Michael Bloomberg, the Engineer

It was a surprise to learn, from a campaign ad, no less, that Michael Bloomberg is, or at least was, an engineer.  A look at Wikipedia confirms that Bloomberg graduated from Johns Hopkins in 1964 with an electrical engineering degree.  This made me roll my eyes and say a prayer asking that Bloomberg not be allowed anywhere near the White House this coming November or any other.  Not that engineering isn't a noble profession and that engineers aren't intelligent, moral people.  But the truth is, engineers make horrible presidents. 

There have been two presidents of the United States who were trained as engineers: Herbert Hoover and Jimmy Carter.  Both were unmitigated disasters, who each made things worse and met with electoral defeat after just one term.  Hoover and Carter were such bad presidents that they are in the running for worst president ever, which is saying quite a bit when you consider the stiff competition for the title.  Hoover, a mining engineer, arguably made the Great Depression much worse than it had to be, trusting that the federal government could steer into the skid better than the market.  Carter, a nuclear engineer, if you can believe it, was so inept that he consistently made the wrong decisions throughout his term of office, actually performing worse than if he'd simply flipped a coin to decide matters by chance. 

Some might point out that we've had presidents who graduated from West Point, which basically had at the time an engineering curriculum.  True, but the engineering education at West Point is just part of the overall military education, which is more concerned with, in the words of the great Rush Limbaugh, "killing people and breaking things."  Besides, those presidents went through actual wars, which have a tendency to foster practical people skills.  Carter graduated from Annapolis and served as a nuclear engineer in submarines until he left the Navy to run the family farm.

Semi-full disclosure: I am an engineer.  Or at least I was one in the dim recesses of my checkered past.  So I know of which I speak.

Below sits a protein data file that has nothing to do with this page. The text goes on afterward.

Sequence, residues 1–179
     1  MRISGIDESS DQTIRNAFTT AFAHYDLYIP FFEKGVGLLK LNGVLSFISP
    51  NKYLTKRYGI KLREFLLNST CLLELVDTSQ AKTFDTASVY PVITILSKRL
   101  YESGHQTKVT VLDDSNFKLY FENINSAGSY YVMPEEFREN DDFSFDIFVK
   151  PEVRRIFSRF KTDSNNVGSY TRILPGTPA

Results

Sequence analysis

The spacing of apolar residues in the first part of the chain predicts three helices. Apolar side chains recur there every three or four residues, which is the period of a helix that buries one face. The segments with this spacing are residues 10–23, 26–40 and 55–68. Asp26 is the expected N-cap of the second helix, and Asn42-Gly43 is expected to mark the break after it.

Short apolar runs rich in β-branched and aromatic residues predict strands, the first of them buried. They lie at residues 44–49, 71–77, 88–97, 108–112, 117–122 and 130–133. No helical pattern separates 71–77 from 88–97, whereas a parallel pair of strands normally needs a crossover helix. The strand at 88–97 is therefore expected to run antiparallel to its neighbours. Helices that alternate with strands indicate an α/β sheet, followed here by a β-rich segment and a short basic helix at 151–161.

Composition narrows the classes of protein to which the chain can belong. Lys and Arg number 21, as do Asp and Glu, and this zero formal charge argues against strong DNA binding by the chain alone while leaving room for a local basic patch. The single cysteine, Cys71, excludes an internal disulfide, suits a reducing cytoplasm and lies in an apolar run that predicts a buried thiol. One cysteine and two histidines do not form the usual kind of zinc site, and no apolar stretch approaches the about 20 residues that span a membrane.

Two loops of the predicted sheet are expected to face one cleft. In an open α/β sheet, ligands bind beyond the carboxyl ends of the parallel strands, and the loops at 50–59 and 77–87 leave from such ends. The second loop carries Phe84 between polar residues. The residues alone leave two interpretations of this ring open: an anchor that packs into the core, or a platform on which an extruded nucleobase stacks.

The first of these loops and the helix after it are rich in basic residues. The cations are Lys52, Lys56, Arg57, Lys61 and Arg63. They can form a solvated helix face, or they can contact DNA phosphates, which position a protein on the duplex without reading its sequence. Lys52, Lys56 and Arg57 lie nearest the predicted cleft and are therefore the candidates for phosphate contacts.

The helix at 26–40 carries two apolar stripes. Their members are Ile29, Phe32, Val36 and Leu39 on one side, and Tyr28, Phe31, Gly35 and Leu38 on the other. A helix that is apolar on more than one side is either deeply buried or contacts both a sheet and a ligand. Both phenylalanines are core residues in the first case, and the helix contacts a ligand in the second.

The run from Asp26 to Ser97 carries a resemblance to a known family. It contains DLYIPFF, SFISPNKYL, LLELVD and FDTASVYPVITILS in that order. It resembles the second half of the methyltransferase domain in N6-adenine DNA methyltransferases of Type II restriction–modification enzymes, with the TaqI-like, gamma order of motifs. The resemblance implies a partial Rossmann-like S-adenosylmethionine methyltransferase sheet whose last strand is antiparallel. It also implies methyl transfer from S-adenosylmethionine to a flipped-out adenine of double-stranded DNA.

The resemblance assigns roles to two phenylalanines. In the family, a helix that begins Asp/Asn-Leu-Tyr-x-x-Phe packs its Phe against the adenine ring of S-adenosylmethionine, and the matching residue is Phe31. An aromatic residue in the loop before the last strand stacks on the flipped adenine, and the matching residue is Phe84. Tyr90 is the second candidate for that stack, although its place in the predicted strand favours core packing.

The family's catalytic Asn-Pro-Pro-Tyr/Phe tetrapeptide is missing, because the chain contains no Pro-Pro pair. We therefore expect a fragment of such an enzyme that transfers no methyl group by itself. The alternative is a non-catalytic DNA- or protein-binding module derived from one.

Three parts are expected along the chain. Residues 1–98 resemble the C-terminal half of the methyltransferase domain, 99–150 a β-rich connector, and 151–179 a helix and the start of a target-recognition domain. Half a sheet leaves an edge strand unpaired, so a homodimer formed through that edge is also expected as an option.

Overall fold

It is often said that an engineering education teaches you how to think.  That is true.  Engineering school teaches you how to think in a certain way.  It inculcates the "engineering mindset," which can be summarized as follows.

  1. Define the problem.
  2. Solve the problem.
  3. Next problem.

This is a wonderful and necessary process when applied to technical problems.  Engineers have wielded this approach with great success to build our modern world.  I, for one, am  grateful for it.  We travel in comfort, eat better and fresher foods, and lead richer lives in large part thanks to the technological marvels brought to us by brilliant, hardworking engineers.

All that said, an engineer, a slave to the engineering mindset, is the last person you want running your government.  Engineers tend to be predisposed to dealing with numbers and devices as opposed to dealing with people.  If they don't start out that way, they'll pick it up quickly enough.  The stereotype of the dispassionate engineer, more comfortable with machines than with people, is well founded.  Whatever else politics is, it involves dealing with people.

I'm not implying that engineers can't do things other than engineering.  Rowan Atkinson, Mr. Bean, was an electrical engineer before he became a comedian.  Dolf Lundgren was working on a Ph.D. in chemical engineer at MIT before he found his true calling in fisticuffs with Sylvester Stallone.  I'm not even saying engineers can't be politicians.  The former governor of New Hampshire, John Sununu, a Ph.D. mechanical engineering professor, is a prominent example.  But once out of the engineering sphere, one has to realize that engineering principles are no longer applicable.